Retrospective case series.Objective.
The objectives of this study were to (1) determine the rate of postoperative urinary retention (POUR) in a series of patients undergoing lumbar spine surgery, (2) compare length of hospital stay between patients who developed POUR and patients who did not, and (3) identify the patient and surgical factors associated with the development of POUR.Summary of Background Data.
Although POUR is a common complication in many surgical subspecialties, sparse literature is present regarding development of POUR after posterior lumbar surgical procedures.Methods.
A retrospective review was conducted of all posterior lumbar surgery cases performed at single institute from July 2008 to July 2012. Data collected included demographic variables (age, sex, body mass index), length of stay, comorbid medical conditions, and surgical data. The Wilcoxon rank sum test with continuity correction was used to compare length of hospital stay between patients who developed POUR and patients who did not. A multivariate logistic regression model was created using all patient and surgical factors and systematically pruned of variables not improving overall predictive power.Results.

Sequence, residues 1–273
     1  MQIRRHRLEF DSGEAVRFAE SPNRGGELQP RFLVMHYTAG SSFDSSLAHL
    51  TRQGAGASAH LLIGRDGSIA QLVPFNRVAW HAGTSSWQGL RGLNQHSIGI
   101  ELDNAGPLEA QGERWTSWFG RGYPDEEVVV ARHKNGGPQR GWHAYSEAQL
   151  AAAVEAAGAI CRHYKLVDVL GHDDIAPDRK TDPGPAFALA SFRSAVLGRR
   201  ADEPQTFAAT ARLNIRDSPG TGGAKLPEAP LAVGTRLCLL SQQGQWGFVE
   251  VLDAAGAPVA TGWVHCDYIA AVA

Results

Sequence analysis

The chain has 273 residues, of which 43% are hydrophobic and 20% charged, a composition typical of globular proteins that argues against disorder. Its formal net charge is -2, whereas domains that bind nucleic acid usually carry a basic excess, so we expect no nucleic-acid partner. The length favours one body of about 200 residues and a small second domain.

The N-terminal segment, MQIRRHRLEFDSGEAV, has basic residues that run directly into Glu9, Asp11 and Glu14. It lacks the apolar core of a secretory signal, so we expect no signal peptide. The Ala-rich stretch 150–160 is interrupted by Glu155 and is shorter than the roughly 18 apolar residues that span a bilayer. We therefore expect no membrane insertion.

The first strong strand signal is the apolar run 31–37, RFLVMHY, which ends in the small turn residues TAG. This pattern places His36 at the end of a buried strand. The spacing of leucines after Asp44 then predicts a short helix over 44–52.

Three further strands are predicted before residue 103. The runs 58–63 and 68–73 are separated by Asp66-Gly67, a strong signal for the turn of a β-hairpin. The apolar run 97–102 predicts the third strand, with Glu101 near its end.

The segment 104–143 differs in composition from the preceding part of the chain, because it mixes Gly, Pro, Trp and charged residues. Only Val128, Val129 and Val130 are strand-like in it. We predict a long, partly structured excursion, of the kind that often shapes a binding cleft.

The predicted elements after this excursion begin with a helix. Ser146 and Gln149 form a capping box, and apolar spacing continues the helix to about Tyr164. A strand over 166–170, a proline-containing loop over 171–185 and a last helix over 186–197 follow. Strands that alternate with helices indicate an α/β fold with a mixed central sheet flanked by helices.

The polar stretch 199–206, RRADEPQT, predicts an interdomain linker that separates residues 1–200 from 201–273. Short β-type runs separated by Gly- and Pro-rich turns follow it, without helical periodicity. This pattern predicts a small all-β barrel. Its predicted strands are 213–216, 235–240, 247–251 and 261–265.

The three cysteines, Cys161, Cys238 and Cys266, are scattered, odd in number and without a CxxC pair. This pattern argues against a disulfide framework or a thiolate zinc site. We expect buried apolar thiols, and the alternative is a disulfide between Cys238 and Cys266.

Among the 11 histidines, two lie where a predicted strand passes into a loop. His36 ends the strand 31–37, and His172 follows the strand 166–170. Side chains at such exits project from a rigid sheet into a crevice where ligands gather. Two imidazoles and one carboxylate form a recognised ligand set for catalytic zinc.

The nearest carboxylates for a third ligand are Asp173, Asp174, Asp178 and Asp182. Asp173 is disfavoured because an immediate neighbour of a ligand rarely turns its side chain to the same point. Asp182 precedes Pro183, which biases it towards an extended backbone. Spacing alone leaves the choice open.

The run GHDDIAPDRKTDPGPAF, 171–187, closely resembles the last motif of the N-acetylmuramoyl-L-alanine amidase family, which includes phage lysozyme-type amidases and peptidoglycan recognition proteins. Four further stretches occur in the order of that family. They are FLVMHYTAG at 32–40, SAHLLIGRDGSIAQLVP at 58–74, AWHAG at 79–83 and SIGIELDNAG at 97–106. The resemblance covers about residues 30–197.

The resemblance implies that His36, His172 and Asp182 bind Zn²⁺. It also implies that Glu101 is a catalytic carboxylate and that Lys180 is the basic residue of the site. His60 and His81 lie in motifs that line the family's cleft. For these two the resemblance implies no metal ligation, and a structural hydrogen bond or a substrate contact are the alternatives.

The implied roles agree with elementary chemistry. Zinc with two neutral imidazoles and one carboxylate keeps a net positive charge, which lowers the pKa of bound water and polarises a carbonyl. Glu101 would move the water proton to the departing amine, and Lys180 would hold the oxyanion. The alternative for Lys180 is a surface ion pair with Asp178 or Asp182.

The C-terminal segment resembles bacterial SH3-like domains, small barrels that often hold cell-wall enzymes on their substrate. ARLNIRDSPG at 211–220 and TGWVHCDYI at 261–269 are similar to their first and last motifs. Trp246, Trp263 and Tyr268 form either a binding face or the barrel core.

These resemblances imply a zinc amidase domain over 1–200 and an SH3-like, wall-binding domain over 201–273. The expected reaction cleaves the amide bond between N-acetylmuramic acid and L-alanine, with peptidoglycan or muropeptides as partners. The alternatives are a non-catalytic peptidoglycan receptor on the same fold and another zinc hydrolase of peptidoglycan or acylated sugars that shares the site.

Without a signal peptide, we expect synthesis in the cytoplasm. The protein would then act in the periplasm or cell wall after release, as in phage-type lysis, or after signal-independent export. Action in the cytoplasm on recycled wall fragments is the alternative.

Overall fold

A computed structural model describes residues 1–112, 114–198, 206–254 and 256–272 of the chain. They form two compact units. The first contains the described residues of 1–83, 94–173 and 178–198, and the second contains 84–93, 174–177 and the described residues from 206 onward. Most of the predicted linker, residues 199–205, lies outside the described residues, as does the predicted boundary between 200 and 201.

A total of 647 patients (291 decompression, 356 decompression and fusion) were included in the study. Of 647 patients, 36 had urinary retention after lumbar spine surgery (5.6%). Patients who developed POUR had a longer length of stay than patients who did not develop POUR (3.94 d vs. 2.34 d; P = 0.005). Male sex, benign prostatic hyperplasia, age, diabetes, and depression were significantly associated with development of POUR (odds ratio = 3.05, 9.82, 1.04, 3.32, and 2.51, respectively). Smoking was inversely associated with the development of POUR (odds ratio = 0.45).Conclusion.
The risk of developing POUR after posterior lumbar spine surgery is approximately 5%. Male sex, benign prostatic hyperplasia, age, diabetes, and depression were significantly associated with the POUR group. Patients who developed POUR had a greater length of hospital stay.Conclusion.
Level of Evidence: 4